C+S April 2020 Vol. 6 Issue 4 (web)

Drinking water safety has been in the news. A few years ago, the community of Flint, Michigan struggled with lead contamination in its fresh water supply, and more recently, residents of Newark, New Jersey experienced the same. What doesn’t always make the headlines are the good things that are occurring concerning the public’s drinking water. Recently, employees from the U.S. Army Corps of Engineers, New York District completed four streambank management projects in Delaware County, New York that are helping to protect the quality of New York City's drinking water. Ensuring that stream banks are fortified is important. If a streambank is eroding, soil and storm water runoff that may contain contaminates from nearby streets and land can easily flow into the stream and ad- versely affect the water quality. These streams may eventually flow into reservoirs that supply fresh drinking water to the public. In New York State, the Cannonsville and Pepacton Reservoirs are two of several reservoirs that provide billions of gallons of water to New York City. Several streams that flow into these reservoirs were eroding until the Army Corps restored them under its New York City Watershed Envi- ronmental Assistance Program. “This program funds projects that are protecting the water quality of New York State's watersheds that provide drinking water to millions of New York City residents and businesses," said Rifat Salim, project manager, U.S. Army Corps of Engineers, New York District. A watershed is an area of land that catches rain and snow that drains or seeps into a marsh, stream, river, lake or groundwater. This water eventually gets stored in reservoirs, a place where water is collected and kept for use when wanted, such as to supply a city. To perform this work, several agencies collaborated with the Army Corps including the Delaware County Soil and Watershed Conserva- tion District, New York State Department of Environmental Conserva- tion, NewYork City Department of Environmental Protection, Town of Andes, Town of Roxbury, Town of Walton, and the Village of Walton. Floodplain Reclamation Project, Town of Walton In the Town of Walton, the West Branch Delaware River flows near the village streets. Bordering this river are 13-acres of floodplain that is actually part of the river. The purpose of a floodplain is to help keep a river clean and News on tap: New York City Drinking Water By JoAnne Castagna, Ed.D.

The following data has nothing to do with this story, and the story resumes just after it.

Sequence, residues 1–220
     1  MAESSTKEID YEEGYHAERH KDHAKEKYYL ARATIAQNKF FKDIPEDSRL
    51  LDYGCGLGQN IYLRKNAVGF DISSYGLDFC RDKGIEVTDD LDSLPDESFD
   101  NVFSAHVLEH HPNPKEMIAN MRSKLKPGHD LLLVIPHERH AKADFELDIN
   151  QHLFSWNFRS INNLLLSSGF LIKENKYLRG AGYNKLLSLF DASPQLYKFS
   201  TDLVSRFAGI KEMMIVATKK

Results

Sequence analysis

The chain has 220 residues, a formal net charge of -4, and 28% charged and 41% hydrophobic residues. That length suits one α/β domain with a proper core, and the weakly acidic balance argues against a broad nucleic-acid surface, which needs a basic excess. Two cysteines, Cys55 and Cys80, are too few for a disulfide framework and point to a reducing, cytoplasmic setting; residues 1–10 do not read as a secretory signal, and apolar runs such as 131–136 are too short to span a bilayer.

Before: Graydon Dutcher walking Army Corps personnel through the tall invasive plants on the Walton floodplain in the Town of Walton in 2016. Photo: JoAnne Castagna, public affairs.

After: The completed Walton floodplain project in late 2019. Photo: JoAnne Castagna, public affairs.

to give it space to spread out and slow down, during big storm events. Over the years, the floodplain was filled with 10-feet of fill. This raised and hardened the land, killed natural vegetation and caused invasive plant species to flourish, and eroded the river’s edge causing soil and trees to fall into the water. As a result, when the river floods the water that would naturally be absorbed, filtered, and transported by the floodplain is unable to, so floodwaters back up and stay trapped on the village streets, flooding homes and businesses. When this high volume of storm water runoff floods the streets, it can sweep up contaminates and carry them to the West Branch Delaware River that flows into the Cannonsville Reservoir. “Today, the floodplain is on its way to becoming healthy,” said Graydon Dutcher, stream program coordinator with the Delaware County Soil and Water Conservation District. “The fill was removed and recycled.” Dutcher, who is also a Walton resident, added, “The residents of Wal- ton were so happy about this work that they took it further. They used


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